Senior officials to be summoned to Northern Ireland forum
New body’s first formal meeting this month will address ongoing devolution deadlock
Parliament Buildings at Stormont. MLAs have agreed to form the Regional-Local Government Forum along with representatives from all councils in the province. Photograph: Paul Faith/AFP/Getty Images
The growing power vacuum in Northern Ireland is to be addressed by a new body set up despite the ongoing devolution deadlock at Stormont.
Senior civil servants including permanent secretaries are to be summoned to the Regional-Local Government Forum which is to hold its first formal meeting later this month.
MLAs have agreed to form the organisation along with representatives from all councils in the province, although it has no powers.
It was an initiative by the councils’ umbrella body, the Northern Ireland Local Government Association (NILGA) and replaces the so-called Political Panel which brought Ministers regularly into contact with councillors but which folded when the Assembly and Executive collapsed more than 18 months ago.
Decision-making in the absence of Ministers has been thrown into disarray following a High Court ruling that the permanent secretary of the Department of Infrastructure, Peter May, did not have the authority to give the green light to a controversial waste incinerator plant in Co Antrim.
Since the verdict in May, senior civil servants have tended to err on the side of caution, with former first minister Arlene Foster, whose DUP party is propping up the Conservative government in London, calling on Secretary of State Karen Bradley to push ahead with the introduction of direct rule.
The forum will provide an opportunity for MLAs including former ministers to quiz senior civil servants on the paralysis, which is affecting funding in key areas including education and health.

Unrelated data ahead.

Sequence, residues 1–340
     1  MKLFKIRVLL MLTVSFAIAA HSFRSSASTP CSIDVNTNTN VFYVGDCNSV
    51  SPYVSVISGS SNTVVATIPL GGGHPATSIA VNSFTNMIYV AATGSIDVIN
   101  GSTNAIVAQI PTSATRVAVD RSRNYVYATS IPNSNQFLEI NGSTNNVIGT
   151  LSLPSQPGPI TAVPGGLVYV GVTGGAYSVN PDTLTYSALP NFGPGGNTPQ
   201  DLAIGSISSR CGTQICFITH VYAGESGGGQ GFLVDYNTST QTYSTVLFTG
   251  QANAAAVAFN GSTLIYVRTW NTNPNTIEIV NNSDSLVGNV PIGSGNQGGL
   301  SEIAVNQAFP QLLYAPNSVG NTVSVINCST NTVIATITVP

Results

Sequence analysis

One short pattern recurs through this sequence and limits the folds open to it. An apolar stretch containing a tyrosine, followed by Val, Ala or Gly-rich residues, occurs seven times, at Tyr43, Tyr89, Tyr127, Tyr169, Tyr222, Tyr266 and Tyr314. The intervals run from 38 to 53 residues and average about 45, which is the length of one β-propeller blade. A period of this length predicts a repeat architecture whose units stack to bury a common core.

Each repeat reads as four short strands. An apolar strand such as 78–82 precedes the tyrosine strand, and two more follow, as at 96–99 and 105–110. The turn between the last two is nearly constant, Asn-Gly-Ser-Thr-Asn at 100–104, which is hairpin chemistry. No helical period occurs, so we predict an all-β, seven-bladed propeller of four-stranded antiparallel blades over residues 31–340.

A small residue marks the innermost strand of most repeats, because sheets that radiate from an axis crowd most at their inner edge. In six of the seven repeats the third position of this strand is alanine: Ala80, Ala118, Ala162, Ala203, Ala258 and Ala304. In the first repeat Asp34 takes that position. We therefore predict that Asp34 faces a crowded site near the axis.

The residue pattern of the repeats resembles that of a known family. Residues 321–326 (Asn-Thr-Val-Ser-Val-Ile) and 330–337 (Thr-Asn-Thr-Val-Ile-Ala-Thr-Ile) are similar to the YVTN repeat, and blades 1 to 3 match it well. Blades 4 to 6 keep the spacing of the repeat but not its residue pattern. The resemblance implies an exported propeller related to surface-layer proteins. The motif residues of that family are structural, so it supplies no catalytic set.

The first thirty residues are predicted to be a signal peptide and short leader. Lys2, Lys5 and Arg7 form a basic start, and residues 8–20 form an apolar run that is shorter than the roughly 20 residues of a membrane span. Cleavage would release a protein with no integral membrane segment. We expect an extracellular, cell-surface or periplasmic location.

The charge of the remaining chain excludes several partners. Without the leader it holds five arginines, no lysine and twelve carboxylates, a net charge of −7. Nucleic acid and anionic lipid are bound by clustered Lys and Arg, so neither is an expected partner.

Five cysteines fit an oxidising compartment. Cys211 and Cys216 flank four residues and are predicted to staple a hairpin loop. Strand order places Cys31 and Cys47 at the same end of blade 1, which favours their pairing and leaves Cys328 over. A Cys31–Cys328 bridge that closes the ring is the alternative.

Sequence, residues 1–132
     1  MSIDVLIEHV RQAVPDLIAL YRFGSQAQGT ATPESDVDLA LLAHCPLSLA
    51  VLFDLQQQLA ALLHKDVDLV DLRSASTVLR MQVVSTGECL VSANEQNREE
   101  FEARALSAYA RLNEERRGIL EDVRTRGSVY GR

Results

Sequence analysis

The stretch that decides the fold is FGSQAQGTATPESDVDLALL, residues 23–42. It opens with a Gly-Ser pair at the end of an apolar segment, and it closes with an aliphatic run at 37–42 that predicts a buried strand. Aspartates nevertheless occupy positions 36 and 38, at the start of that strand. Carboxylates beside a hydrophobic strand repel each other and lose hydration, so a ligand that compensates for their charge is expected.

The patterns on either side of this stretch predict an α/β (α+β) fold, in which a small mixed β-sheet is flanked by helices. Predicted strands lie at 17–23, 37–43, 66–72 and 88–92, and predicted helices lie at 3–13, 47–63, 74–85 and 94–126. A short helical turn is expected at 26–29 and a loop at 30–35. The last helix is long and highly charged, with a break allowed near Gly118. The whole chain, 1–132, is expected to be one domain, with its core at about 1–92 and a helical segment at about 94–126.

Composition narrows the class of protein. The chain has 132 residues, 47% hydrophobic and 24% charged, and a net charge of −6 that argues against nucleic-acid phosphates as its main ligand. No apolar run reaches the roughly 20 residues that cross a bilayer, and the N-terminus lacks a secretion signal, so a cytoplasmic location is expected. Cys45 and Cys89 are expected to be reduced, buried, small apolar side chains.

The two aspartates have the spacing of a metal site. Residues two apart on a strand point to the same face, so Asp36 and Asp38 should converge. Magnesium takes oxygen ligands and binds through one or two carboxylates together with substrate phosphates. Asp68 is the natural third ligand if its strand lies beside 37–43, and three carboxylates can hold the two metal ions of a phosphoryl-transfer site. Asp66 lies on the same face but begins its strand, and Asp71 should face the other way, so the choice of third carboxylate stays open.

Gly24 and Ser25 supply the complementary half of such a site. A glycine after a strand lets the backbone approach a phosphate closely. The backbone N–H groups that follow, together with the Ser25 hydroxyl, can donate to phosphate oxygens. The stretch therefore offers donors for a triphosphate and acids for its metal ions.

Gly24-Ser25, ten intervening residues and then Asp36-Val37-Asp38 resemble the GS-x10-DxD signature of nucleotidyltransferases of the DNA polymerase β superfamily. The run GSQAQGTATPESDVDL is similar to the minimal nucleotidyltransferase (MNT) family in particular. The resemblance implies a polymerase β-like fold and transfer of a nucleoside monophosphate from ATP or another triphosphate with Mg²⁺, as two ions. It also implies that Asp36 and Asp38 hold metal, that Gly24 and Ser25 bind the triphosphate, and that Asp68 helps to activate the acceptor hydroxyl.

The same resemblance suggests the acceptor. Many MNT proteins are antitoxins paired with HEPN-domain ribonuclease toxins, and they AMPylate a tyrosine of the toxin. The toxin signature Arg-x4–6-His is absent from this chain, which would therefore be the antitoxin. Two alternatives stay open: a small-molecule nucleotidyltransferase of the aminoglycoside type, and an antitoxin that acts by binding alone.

Former NILGA president Arnold Hatch said: “We will be trying to find out exactly what the position is in relation to civil servants taking decisions across the board.
“It seems they can do even less than they previously thought they could do. Yet the Government is doing nothing about it.
“Now that there are no local Ministers NILGA insisted that the forum should be able to call permanent secretaries and other senior civil servants who would normally be accountable to Assembly committees.
“It doesn’t have any powers but the forum should be able to make it clear to the Secretary of State that this is an issue which cannot be allowed to continue indefinitely.”
The forum is also likely to add to pressure on the UK Government to consider deferring increased powers to the province’s 11 councils in the continuing gap left by the limbo around the Assembly.
The forum has the backing of both the DUP and Sinn Féin, as well as the other three main parties – the SDLP, Ulster Unionists and Alliance. The Green Party, which has two MLAs, has already backed an enhanced role for the councils, which amalgamated from the previous 26 local authorities five years ago.
Three months ago an independent report commissioned by NILGA concluded councils could have direct responsibility for services and undertake scrutiny of matters that are at present supposed to be the direct responsibility of the Executive.